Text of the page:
'18. Appeal to the High Court from judges of the Court:-- (1) An appeal shall lie to the High Court, from the judgment (not being a judgment passed in the exercise of appellate jurisdiction in respect of a decree or order made in the exercise of appellate jurisdiction by a Court subject to the superintendence of the High Court and not being an order made in the exercise of revisional jurisdiction and not being a sentence or order passed or made in the exercise of the power of superintendence under Section45 or in the exercise of criminal jurisdiction) of one Judge of the High Court.'

6. The aforesaid provision allows an internal appeal to a Division Bench of the High Court from a decree, judgment or final order passed by a single Judge of the High Court, except decrees or orders passed in second appeals. Whether an appeal is maintainable under the provisions of Section 18(1) of the Ordinance against a judgment passed in an election petition filed under Section 81 of the Act would depend upon the determination of the various questions relating to the nature of the jurisdiction of the High Court in trying election petitions filed under the Act. and regarding the nature of the adjudication made under the election law. Before embarking upon a discussion of the matter, it would be useful at this stage to consider the legislative history of the provisions relating to election petitions and appeals contained in Part VI of the Act and the various amendments made therein from time to time.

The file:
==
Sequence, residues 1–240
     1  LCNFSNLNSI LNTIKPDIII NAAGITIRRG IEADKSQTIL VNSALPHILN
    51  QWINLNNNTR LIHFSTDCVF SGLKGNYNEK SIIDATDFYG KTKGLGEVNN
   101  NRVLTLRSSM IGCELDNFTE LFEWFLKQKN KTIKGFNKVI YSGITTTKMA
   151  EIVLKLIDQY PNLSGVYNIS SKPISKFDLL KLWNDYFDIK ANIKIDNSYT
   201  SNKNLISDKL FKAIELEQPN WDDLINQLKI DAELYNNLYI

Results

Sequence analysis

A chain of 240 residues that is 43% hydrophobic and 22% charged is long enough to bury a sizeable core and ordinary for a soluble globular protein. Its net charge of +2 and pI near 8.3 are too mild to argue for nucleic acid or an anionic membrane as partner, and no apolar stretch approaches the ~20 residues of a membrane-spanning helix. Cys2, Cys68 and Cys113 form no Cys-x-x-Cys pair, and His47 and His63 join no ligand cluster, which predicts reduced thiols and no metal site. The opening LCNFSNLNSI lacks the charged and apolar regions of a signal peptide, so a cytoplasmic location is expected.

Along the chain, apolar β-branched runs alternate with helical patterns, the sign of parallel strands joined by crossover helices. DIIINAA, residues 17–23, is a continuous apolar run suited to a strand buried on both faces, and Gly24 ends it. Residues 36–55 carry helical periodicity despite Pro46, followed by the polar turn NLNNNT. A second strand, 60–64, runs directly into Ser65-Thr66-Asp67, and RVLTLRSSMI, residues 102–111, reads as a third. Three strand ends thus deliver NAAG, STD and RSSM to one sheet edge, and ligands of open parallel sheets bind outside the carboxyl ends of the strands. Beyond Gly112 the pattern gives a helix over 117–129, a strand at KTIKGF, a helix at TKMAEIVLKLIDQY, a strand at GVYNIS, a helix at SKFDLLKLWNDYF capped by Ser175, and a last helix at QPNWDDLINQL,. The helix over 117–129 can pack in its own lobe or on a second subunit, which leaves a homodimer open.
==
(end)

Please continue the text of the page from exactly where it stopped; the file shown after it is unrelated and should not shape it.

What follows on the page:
7. Part VI of the Act deals with the disputes relating to election and begins with Section 80 which provides that no election shall be called in question except by an election petition presented in accordance with the provisions of that part. As the Act was originally enacted in the year 1951, an election petition, filed under Section 80 of the Act and presented in accordance with the provisions contained in Section 81 used to be tried by an Election Tribunal consisting of three members. Section 86 as it then existed, made provision for the constitution of the Election Tribunal. Section 87 makes the procedure prescribed under the Code of Civil Procedure for the trial of the suits applicable to the trial of the election petitions by the High Court, as nearly as may be, subject to the provisions of the Act and the Rules made there under. Section 98 provides for the type of orders the High Court is empowered to make at the conclusion of the trial of an election petition and Section 99 provides for other orders which can be made by the High Court while deciding the election petition under Section 98. Section 105, as it existed at that time, provided that the orders passed by the Election Tribunal shall be final and conclusive. Thus, no appeal at all was provided against any of the orders passed by the Election Tribunal on an election petition filed under the Act.